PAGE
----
Bird Flu Spread Unlikely Through Wild Waterfowl Aerosols

Airborne transmission of bird flu via aerosolization of contaminated faeces from wild waterfowl does not play an important role in the infection of indoor-housed poultry. This is according to a risk analysis carried out by researchers of Wageningen Bioveterinary Research.

In 2021, Wageningen Bioveterinary Research (WBVR, part of Wageningen University & Research) conducted a semi-quantitative risk assessment for the introduction of highly pathogenic avian influenza virus (HPAIv) into poultry farms via aerosolized faeces of infected wild birds. Based on that assessment using a relatively simple model, the researchers estimated that the risk of this introduction route is very low. With support from the Statutory Tasks program (WOT), the WBVR researchers conducted follow-up research. For this, a quantitative and comprehensive microbial risk assessment model was developed. "With this model, we can estimate the probability that the aerosolization of faeces from HPAIv-infected wild birds in the vicinity of poultry farms results in infection of indoor-housed poultry," explains veterinary epidemiologist Armin Elbers.


Model input parameters were retrieved from the scientific literature and experimental data. Data availability was diverse across input parameters. "Especially the parameters on aerosolization of wild bird droppings, HPAIv survival and aerosol dispersion are uncertain," Elbers said.

Extremely low probability

"The daily probability of infection of a single poultry farm via aerosolization of contaminated faeces from wild waterfowl is extremely low," concludes risk analyst Clazien de Vos, who conducted the study together with Elbers. Taking into account the total number of poultry farms and the length of the bird flu season, an HPAIv infection in poultry farms during the bird flu season in the Netherlands is to be expected once every 455 years via this introduction route. Even under a worst-case scenario, the probability of new infections is still very low: once every 17 years. This is a general estimate, averaged across different farm types, virus strains and wild bird species, and the results indicate that the uncertainty is relatively high. Based on these modelling results, the researchers conclude that this route of introduction is unlikely to play a significant role in the occurrence of HPAIv outbreaks in indoor-housed poultry.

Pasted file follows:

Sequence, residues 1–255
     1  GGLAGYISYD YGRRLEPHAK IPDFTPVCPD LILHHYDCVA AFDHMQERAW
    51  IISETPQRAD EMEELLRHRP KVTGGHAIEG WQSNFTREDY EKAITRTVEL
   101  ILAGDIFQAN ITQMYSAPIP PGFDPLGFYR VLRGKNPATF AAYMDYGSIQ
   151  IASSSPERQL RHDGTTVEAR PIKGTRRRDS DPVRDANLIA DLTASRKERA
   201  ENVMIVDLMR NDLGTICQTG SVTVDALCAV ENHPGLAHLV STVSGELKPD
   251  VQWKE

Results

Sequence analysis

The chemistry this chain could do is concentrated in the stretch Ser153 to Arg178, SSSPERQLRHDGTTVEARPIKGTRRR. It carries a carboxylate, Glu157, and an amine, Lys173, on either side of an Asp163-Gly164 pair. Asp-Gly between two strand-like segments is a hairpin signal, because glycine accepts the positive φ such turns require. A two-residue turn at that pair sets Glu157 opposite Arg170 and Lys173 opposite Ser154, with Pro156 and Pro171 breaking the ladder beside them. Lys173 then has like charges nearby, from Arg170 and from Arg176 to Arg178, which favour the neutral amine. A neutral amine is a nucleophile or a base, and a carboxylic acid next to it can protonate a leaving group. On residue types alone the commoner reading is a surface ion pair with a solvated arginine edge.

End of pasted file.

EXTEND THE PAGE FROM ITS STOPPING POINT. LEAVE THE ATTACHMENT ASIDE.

Other risk factors, such as (occasional) failure to operate in strict and consistent compliance with biosecurity measures on the poultry farm, may be of greater importance in the introduction of HPAIv on poultry farms.

Furthermore, the risk assessment provides tools for preventing possible wind-supported transmission of HPAIv via particles of faeces from infected wild birds. Drying of HPAIv-infected faeces from wild birds is a prerequisite for aerosolisation. "This practically only happens during the bird flu season when the droppings are deposited on concrete or stone-paved surfaces around poultry units. The probability of the occurrence of a chain of drying of HPAIv-contaminated bird droppings, subsequent aerosolisation and transport by wind of still infectious HPAIv via the air inlets of a poultry barn is very low," Elbers said.

To make this probability negligible, the researcher advises poultry farmers to regularly check for the presence of wild bird droppings on the paved surfaces around poultry houses and safely remove them. "This will also reduce the likelihood of the incidental introduction of HPAIv-contaminated wild bird droppings into the poultry house by sticking to the boots of people walking on the property and entering the barn."

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